In 1385 Sir Hugh de Calveley endowed a college of priests at Bunbury. Standing in the centre of the chancel, his tomb is the earliest alabaster monument in Cheshire.
Discover the wonder of Cheshire's sacred heritage.
Holiday in Cheshire and discover a plethora of churches in this county of contrasts; from the county seat of Chester, founded as a Roman fort to rural villages with their black and white half timbered buildings; from market towns with local red sandstone buildings to the rich legacy left behind from the Industrial Revolution.
The history of Cheshire can be told through its churches, here we share just a few with you.
Shrouded in the mists of time, Chester Cathedral tells tales of Celtic temples, Roman invasions and St Werburgh, a Mercian princess whose holy relics were hidden here from marauding pirates.
Known as the 'Cathedral of South Cheshire', this attractive 14th century building contains a most impressive collection of exquisitely carved medieval choir stalls and misericords.
Founded in 689AD by AEthelred, King of Mercia, as a Saxon Minster church, this is one of the finest pre Conquest churches in England, and the most impressive Norman church in Cheshire.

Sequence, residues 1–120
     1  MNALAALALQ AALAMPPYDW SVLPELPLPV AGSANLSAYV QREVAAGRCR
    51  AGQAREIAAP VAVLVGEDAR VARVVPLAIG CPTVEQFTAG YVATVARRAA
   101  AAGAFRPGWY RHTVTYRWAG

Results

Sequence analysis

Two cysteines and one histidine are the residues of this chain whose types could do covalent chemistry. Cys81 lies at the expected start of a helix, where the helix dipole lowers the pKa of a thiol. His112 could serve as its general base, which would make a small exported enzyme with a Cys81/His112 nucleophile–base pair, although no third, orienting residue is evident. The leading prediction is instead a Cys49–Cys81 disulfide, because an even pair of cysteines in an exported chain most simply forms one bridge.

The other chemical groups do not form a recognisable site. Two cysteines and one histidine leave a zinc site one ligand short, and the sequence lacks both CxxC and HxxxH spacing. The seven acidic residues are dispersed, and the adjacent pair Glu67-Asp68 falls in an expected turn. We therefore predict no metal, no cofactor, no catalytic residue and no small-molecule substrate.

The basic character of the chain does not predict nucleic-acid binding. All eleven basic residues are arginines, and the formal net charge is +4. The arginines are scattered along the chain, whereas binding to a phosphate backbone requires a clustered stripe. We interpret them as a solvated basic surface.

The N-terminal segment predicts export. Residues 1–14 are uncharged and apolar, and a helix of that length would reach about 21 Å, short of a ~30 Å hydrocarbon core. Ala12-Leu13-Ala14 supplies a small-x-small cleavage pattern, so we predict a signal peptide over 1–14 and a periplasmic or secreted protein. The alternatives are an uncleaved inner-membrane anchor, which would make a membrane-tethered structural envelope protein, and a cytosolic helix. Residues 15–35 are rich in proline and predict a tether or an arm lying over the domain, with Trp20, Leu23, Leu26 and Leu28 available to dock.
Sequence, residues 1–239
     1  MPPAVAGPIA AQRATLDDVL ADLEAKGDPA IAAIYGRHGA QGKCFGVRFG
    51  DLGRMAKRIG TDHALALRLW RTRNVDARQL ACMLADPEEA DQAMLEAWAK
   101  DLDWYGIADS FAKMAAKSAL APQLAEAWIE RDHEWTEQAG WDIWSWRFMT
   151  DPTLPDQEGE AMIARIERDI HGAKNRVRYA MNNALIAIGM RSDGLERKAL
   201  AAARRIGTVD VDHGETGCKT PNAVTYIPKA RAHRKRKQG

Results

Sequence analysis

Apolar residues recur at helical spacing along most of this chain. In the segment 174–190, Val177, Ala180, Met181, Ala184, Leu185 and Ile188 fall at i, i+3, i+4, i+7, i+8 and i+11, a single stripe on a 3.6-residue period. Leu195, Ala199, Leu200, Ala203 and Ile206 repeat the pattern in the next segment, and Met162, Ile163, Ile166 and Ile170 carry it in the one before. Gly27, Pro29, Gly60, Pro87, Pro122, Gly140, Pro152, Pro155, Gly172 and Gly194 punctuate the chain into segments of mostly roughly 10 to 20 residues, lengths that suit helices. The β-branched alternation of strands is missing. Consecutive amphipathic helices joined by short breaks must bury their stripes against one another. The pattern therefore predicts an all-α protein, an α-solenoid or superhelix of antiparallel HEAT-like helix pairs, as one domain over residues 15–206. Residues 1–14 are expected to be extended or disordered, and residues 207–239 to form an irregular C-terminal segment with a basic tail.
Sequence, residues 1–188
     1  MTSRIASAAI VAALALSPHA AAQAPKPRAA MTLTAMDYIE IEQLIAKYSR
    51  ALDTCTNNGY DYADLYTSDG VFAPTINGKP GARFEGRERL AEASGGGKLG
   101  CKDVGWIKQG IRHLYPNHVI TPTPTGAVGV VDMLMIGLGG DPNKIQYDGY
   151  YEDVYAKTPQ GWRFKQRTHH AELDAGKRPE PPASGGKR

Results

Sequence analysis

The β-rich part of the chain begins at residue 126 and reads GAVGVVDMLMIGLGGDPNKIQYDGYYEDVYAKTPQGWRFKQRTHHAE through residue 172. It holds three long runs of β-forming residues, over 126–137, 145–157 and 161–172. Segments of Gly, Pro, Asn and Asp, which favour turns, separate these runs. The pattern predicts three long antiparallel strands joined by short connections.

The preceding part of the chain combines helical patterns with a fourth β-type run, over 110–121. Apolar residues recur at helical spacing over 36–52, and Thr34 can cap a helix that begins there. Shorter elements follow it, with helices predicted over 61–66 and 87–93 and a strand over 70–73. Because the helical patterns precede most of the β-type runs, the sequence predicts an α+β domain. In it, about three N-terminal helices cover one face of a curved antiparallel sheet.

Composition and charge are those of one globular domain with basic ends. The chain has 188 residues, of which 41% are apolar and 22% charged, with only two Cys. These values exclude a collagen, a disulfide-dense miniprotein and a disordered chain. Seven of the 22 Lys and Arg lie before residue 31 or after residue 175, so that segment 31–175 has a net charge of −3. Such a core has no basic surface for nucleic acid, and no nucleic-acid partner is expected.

The birthplace of Lewis Carroll (Charles Lutwidge Dodgson) the author of Alice in Wonderland. The Daniell Chapel contains the Lewis Carroll Memorial Window.
With a founding date of 1343, Marton's church just pips Lower Peover to the post to make it possibly the oldest timber framed church of its kind in Europe.
Owes many of its unique features to the patronage of the Stanley family; impressive mausoleum, tombs and the elevated Stanley Pew, sumptuously decorated with red furnishings.
An engineering marvel built in 1775 by local industrialist Charles Roe. Constructed of brick, this is a very early use of cast iron columns to support the galleries.
A truly remarkable building, famous for its 14th century timber framing. There are no stone pillars, instead huge oak beams and octagonal oak pillars keep this magnificent building upright.
An mix of 14th to 16th century architecture has created this unique and unusual church, don't miss the ornate canopied tomb chest with effigies of a man and woman holding hands.
A splendid example of a Victorian revival of mid gothic architecture built entirely of local sandstone. The lychgate is in memory of the Ismay family, who were local ship owners.
The splendid nave roof, barrel beam in design and unique in the area, is over five hundred years old and shows traces of its original brilliant colouring and gilt.
'Since being a teenager I have had a great interest in British history, but in particular the historical buildings that still stand today from past centuries' Join James Balme as he explores churches in Cheshire, read his story on our website here.
There are so many things to do in Cheshire and so many attractions to visit, you wouldn't want to miss a thing! And the bewitching beauty and atmosphere makes Chester one of Britain’s most popular places for an unforgettable stay.